The IRS announced in a recent memo (LB&I-4-0812-010) that its Large Business & International (LB&I) Division is terminating the Tiered Issue Process previously used to set exam (audit) priorities and manage exams. The new exam process will be more decentralized and is intended to provide more authority to examination agents and teams to craft taxpayer-specific approaches to issues.
The development is being hailed by taxpayers and government officials alike, some of whom had criticized the tiered issue process for not effectively bringing cases to resolution. Complaints often also centered on how, when the IRS reviewed its pool of tax returns up for possible audit, it was sometimes unclear who should control the outcome of a particular issue or case.
Tiered issues: What came before
The tiered issue process, initiated in 2006, was intended to the ensure consistency of treatment and uniform disposition of tax shelters and other types of cases. Under the tiered issue process, the IRS identified certain compliance issues and then prioritized each issue based on stated factors, including the prevalence of the issue and level of risk it raised. For example, an issue involving significant monetary value or strategic importance to the IRS, such as a claim for a research credit, a Code Sec. 118 abuse, or foreign earnings repatriation, would have been designated as a Tier I. A Tier II issue would have involved a potentially high compliance risk, but would likely have involved issues where the law was fairly well established and only needed further clarification. The last tier, Tier III, was designated for issues viewed as high compliance risks in particular industries.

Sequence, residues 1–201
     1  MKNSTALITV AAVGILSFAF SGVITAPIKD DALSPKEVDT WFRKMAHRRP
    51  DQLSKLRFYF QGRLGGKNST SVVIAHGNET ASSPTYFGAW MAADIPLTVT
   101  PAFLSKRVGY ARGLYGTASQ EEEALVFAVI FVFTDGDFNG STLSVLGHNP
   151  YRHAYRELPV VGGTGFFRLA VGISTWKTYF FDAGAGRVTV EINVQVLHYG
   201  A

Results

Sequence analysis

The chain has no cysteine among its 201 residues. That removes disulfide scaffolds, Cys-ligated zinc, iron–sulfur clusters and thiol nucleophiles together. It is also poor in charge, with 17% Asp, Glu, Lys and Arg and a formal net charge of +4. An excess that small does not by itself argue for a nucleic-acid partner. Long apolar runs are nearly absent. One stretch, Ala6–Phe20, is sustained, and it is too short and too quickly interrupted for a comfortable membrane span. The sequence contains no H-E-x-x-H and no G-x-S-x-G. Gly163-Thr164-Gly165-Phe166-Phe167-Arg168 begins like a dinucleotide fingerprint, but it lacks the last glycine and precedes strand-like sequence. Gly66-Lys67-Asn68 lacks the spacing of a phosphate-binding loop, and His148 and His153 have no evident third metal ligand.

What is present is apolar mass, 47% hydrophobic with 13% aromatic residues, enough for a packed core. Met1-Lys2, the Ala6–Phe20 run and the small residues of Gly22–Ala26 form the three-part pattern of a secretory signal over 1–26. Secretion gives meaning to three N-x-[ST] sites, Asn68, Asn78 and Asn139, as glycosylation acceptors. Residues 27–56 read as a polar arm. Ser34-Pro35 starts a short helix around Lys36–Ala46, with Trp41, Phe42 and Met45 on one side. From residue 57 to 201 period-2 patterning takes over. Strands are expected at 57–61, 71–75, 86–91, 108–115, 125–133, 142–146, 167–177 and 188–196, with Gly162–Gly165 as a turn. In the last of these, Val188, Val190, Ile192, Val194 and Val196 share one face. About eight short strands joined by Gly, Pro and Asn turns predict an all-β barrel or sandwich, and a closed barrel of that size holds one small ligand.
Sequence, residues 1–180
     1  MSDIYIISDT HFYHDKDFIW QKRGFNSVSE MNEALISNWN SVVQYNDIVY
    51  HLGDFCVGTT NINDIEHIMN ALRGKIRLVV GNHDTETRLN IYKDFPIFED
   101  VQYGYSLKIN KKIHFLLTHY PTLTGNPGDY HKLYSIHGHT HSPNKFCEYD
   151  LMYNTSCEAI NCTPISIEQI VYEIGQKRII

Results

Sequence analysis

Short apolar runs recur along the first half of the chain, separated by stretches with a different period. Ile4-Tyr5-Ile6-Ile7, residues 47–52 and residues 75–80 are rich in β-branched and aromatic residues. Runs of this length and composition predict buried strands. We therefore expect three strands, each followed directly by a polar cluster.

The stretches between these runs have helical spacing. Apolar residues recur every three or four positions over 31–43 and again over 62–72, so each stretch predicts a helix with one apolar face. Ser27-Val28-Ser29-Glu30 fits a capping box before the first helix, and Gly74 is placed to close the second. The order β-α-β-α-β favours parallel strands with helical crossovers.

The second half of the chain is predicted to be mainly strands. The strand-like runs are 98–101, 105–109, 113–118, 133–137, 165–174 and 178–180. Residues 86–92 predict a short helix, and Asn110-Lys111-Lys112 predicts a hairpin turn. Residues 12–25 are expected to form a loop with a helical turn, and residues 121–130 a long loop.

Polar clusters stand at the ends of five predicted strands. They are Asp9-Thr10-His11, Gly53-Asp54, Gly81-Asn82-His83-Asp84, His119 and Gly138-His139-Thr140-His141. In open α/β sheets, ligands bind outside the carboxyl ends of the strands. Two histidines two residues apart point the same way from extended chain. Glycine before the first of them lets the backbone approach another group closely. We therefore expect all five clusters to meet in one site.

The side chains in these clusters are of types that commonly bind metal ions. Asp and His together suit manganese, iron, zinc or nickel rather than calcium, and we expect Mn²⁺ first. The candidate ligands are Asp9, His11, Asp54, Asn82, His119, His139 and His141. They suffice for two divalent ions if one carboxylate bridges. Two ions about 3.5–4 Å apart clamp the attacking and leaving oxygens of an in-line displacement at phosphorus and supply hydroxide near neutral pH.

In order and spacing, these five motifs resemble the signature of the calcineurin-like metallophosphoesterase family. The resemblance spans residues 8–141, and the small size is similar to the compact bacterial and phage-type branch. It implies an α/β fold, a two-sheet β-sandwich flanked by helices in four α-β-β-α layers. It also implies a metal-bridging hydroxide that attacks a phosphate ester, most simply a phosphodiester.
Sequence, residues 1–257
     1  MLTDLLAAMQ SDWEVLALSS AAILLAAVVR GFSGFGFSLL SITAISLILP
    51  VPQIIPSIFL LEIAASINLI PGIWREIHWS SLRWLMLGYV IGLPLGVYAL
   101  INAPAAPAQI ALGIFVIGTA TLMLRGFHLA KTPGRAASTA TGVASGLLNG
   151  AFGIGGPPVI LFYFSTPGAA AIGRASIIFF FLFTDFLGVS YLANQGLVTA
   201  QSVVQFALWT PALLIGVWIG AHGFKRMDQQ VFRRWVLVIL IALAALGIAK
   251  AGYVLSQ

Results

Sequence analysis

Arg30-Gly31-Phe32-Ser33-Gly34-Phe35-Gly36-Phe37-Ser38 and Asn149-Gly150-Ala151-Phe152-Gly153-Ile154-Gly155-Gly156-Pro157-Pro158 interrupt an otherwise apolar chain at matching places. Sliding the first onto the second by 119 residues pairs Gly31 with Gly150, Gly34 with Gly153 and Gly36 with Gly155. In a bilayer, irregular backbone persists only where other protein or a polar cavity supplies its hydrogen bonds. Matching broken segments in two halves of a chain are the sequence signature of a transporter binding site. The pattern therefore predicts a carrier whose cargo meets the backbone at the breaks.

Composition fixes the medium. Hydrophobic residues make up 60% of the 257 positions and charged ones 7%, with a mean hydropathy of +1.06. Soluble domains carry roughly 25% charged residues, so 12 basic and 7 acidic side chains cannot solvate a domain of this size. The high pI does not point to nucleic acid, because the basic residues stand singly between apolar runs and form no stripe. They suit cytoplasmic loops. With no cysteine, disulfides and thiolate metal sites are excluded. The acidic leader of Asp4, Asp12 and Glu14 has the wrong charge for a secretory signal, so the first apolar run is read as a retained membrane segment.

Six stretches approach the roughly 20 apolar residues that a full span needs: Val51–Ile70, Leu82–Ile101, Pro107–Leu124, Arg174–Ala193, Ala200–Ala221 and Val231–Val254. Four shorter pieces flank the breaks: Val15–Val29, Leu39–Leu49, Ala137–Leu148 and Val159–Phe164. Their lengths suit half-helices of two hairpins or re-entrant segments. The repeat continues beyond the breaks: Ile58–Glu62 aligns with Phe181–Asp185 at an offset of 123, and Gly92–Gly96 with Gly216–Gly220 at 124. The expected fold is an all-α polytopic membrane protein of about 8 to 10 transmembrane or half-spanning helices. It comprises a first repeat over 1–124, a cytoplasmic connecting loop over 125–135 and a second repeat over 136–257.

Specialized practice groups
The new exam process will draw on the extensive experience of the many new LB&I employees with private industry experience. It involves specialized practice groups for domestic and international issues. These groups are designed to provide exam teams with technical advice to manage their cases. "LB&I views [the groups] as a better mechanism for balancing the need for consistency with the recognition that there is no "one size fits all" approach to examining and resolving issues," LB&I stated in its announcement.